◆ Working to legally catch 10 trophy-class fish required 200 days of his time and took him all over the state.
Though he had questioned his decision to fish north Pinedale’s Soda Lake that day in October, 2020, Sam Gertsch of Alpine was glad he had determined to brave the biting wind and cold temperatures. With his seventh cast of the day, he landed his tenth trophy-class Wyoming fish, a 24-inch brown trout. With that catch, he also earned the prestigious Ultimate Angler Award.
Gertsch now runs in an exclusive circle with only a handful of anglers to reach Ultimate Angler status as part of the Wyoming Game and Fish Master Angler program, which launched in 2019. According to wgfd.wyo.gov, “to be an Ultimate Angler, a person must legally catch 10 trophy-sized game fish species in Wyoming. Each fish must meet or exceed a minimum length, which is determined by Game and Fish sample data and represents the top five percent in length for each species.”
“It was actually pretty difficult,” said Gertsch. “We obviously don’t have some species on this side of the state, so I researched what lakes on the east side have fish that I wanted to catch. It was definitely a conscious effort. I didn’t just walk into ten fish. There was a lot of planning to do. I fished around the state and targeted each of these species, and I think there are like 23 or 24 different ones, and I was lucky enough to get ten.”
The 25-year-old Gertsch caught his first trophy fish in September of 2019. It was a Mountain White Fish and he landed it right here in Star Valley along the Salt River. With all his cash reserves invested in a 14-foot v-hull boat, Gertsch spent his nights on the road camping or sleeping in the boat.
Time was another significant investment. Holidays, weekends, days after work, and entire weeks away from work totaled well over 200 days as he worked toward his goal.
Some examples of his dedication include the fact that he “came up just an inch short several times on both perch and smallmouth bass and three inches short on channel catfish. He said the largemouth bass was the easiest, taking him only two casts.” (wgfd.wyo.gov)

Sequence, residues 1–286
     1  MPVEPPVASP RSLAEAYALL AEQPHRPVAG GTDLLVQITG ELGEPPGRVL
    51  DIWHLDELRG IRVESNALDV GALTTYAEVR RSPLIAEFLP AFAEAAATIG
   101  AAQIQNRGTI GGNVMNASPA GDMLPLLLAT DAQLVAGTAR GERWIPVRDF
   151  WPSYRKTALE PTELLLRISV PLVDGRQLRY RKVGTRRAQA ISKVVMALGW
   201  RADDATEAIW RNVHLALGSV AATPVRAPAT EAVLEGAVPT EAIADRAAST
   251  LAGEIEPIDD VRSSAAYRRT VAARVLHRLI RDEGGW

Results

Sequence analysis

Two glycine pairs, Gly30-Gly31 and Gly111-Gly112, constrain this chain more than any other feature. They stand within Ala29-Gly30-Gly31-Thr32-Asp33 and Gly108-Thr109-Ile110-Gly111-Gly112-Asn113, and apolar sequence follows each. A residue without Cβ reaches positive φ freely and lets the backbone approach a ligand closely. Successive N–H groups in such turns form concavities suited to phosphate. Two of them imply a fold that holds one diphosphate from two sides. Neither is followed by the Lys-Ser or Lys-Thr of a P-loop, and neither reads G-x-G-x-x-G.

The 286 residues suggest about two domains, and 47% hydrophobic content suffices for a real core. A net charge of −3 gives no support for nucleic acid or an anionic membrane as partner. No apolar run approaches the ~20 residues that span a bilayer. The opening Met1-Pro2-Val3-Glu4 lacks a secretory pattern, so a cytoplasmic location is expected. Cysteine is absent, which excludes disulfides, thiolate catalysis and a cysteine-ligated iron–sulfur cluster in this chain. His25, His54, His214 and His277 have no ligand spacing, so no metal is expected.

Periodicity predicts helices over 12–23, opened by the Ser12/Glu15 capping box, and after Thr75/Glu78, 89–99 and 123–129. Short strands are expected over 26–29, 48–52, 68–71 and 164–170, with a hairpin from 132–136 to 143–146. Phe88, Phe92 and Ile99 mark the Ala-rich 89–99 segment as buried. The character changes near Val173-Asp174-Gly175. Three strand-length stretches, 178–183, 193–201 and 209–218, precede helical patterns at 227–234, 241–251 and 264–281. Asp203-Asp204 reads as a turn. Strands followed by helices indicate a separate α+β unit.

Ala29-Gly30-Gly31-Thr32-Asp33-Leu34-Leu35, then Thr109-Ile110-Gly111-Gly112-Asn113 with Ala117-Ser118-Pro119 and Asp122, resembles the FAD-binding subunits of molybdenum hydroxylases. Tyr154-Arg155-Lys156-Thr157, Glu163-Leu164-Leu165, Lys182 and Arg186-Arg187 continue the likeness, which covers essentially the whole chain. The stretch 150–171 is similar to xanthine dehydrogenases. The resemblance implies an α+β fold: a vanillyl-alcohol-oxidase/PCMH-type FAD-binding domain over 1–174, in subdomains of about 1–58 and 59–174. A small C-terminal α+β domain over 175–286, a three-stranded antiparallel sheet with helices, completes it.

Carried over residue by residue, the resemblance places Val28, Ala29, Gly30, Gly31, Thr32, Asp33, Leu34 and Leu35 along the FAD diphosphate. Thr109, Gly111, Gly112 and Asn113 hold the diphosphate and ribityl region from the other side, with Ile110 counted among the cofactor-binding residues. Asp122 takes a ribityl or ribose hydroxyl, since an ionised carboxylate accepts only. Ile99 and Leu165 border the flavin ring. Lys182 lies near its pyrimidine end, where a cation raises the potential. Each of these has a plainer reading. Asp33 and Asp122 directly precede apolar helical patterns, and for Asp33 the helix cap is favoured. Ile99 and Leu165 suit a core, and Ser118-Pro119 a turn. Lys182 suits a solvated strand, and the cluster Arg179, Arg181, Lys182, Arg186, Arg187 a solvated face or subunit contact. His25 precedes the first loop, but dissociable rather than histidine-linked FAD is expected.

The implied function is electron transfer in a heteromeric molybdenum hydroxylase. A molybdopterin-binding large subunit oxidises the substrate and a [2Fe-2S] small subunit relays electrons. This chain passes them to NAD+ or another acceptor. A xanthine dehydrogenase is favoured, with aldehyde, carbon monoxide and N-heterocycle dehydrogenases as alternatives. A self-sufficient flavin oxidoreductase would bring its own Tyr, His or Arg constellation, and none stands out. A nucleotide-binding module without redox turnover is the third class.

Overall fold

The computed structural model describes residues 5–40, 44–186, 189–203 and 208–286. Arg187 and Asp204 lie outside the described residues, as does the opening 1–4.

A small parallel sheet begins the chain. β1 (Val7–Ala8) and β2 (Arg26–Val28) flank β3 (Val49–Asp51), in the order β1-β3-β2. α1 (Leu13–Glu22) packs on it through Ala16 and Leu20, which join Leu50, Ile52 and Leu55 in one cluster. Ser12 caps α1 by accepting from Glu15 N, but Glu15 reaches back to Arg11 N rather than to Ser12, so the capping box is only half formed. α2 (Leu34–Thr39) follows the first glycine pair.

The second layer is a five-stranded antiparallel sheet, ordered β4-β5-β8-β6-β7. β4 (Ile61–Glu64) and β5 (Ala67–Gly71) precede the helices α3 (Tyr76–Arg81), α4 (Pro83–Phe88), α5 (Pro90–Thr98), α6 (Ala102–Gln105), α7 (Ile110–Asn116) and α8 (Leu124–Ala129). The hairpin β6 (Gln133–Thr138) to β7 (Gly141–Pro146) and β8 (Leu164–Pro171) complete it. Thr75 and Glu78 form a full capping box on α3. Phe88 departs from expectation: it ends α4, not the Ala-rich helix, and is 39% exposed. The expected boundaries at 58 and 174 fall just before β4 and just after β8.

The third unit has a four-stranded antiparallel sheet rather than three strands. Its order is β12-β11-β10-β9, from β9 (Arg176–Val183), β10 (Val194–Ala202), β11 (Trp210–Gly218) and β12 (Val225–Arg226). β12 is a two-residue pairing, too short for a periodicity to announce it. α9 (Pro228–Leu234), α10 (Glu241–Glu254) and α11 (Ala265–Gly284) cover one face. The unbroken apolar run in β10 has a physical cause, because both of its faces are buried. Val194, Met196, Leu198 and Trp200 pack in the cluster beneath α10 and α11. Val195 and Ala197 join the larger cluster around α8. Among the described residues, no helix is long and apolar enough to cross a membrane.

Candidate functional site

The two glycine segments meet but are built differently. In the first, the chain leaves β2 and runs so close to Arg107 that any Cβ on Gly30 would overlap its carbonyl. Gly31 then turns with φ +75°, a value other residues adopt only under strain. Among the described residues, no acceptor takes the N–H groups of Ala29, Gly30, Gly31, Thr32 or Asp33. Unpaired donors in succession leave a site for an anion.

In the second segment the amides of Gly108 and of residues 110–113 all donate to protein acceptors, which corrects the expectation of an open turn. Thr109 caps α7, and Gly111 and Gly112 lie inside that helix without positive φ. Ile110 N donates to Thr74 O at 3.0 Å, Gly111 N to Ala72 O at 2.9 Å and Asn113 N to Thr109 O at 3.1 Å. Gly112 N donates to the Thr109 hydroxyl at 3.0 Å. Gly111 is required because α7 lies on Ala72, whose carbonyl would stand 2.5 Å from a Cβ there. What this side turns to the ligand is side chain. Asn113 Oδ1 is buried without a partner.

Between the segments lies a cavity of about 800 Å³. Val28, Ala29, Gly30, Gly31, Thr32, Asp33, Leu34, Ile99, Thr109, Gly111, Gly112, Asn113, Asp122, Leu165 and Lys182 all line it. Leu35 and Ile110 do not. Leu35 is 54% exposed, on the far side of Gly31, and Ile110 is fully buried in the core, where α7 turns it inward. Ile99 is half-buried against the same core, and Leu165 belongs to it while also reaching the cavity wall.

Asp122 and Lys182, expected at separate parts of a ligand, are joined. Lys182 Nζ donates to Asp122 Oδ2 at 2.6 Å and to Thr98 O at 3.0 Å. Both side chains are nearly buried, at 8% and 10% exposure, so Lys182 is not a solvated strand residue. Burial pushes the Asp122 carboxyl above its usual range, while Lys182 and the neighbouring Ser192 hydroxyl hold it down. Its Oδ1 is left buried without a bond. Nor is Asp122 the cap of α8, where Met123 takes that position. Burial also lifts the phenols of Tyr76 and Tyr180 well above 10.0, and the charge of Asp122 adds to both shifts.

“I ended up catching my cutthroat in Afton at Swift Creek,” said Gertsch. “I traveled over to Pinedale and Riverton a whole bunch. I’ve been all the way up to Gillette – the key-hole area. I’ve been as far southeast as the Gray Rocks – the Laramie Plains. I fished central Wyoming, Casper and Riverton, and then Flaming Gorge and Jackson Lake. It took me all over the state.”
As a Master Angler, Gertsch knows a thing or two about how to fish successfully.
“The biggest part about it is just deciding it’s something you want to do and then just doing it. It takes a lot of time. It’s not something that you can complete in a weekend. Fishing is tough. Sometimes the bite is on. Sometimes, it’s not. Weather is a big deal. Sometimes you can’t fish cause it’s raining or storming, but the way to do it is to just be persistent and enjoy it. If you don’t enjoy it, there’s no point in doing it. So, Rule No. 1, make sure you enjoy it. And then No. 2 is just, continue to do it. Keep at it. Ninety nine percent of the time, you’re not going to catch the big one, but when you do, it makes it worth it.”
Family and friends attended Gertsch in many of his travels, and that was the icing on the cake.
“It’s a great way to get outdoors with friends and family. I love Wyoming, and if you love Wyoming, it’s really cool to go out and experience different parts of your state. The biggest take away and the best part is getting out and being able to explore parts of the state and sharing that with the people that you care about. Looking back on it, that was the best part.”